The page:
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The abnormal Papanicolaou (Pap) test result category atypical squamous cells, cannot exclude high-grade squamous intraepithelial lesion (ASC-H), is a relatively recently recognized subcategory of atypical squamous cells (ASCs) formally introduced in the 2001 Bethesda System (TBS2001). (1) ASC-H Pap tests include a spectrum of abnormal cytomorphologic changes with features suggestive of a high-grade squamous intraepithelial lesion (HSIL) but judged to lack sufficient criteria for a definitive interpretation of HSIL. Therefore, ASC-H is often regarded as equivocal HSIL. (2) Inevitably included in the ASC-H category, however, are also benign mimics of high-grade dysplastic cells. This category reflects a mixture of true HSIL and its mimics. (3) ASC-H is a relatively uncommon Pap test interpretation and represents an interpretive challenge for both cytotechnologists and cytopathologists. The reported incidence of cases interpreted as ASC-H varies significantly among laboratories and has ranged from 0.22% to 1.09% of all Pap test results; the reported rate of subsequent histologic diagnoses of cervical intraepithelial neoplasia (CIN) 2/3 on follow-up tissue studies also varies widely and has ranged from 12.2% to 68.2%. (4-17) In addition, the reported rates of high-risk human papillomavirus (hrHPV) DNA detection in ASC-H cases also have ranged widely, from 33.3% to 85.6%. (2,4,5,7-11,14,18-34) Despite the reported variability in ASC-H reporting rates, histologic outcomes, and association with hrHPV DNA, Consensus Follow-up Guidelines from the American Society for Colposcopy and Cervical Pathology continue to suggest universal colposcopic referral to women with a Pap interpretation of ASC-H. (35,36) This recommendation was based primarily on data generated from the Atypical Squamous Cells of Undetermined Significance/ Low-Grade Squamous Intraepithelial Lesion (ASC-US/ LSIL) Triage Study (ALTS), in which ASC-H interpretations were rendered only on follow-up thin-layer cytology slides interpreted by a small group of 4 pathologists designated the Pathology Quality Control Group. (2) This group identified 110 ASC-H cases during internal quality control reviews and reported that 84% tested positive for hrHPV DNA.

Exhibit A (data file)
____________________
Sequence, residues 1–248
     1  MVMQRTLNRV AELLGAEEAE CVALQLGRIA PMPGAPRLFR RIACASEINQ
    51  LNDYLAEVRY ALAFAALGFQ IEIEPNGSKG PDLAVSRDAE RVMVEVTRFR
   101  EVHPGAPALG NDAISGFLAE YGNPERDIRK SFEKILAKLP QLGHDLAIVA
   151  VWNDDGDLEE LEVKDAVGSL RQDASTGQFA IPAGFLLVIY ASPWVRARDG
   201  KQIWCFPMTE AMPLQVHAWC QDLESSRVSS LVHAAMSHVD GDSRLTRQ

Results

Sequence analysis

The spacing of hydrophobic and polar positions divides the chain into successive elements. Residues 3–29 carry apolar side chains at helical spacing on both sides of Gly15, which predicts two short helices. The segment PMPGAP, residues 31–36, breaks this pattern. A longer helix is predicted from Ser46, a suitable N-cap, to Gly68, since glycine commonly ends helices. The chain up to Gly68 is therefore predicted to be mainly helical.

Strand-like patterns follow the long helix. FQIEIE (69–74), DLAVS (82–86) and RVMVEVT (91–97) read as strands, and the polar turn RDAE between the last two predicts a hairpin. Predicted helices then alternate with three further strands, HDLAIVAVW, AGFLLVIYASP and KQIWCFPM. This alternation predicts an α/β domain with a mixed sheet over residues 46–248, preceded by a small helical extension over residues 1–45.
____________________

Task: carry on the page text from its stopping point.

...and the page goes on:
December 1
College of American Pathologists
The Gale Group, Inc., a Delaware corporation and an affiliate of Cengage Learning, Inc.

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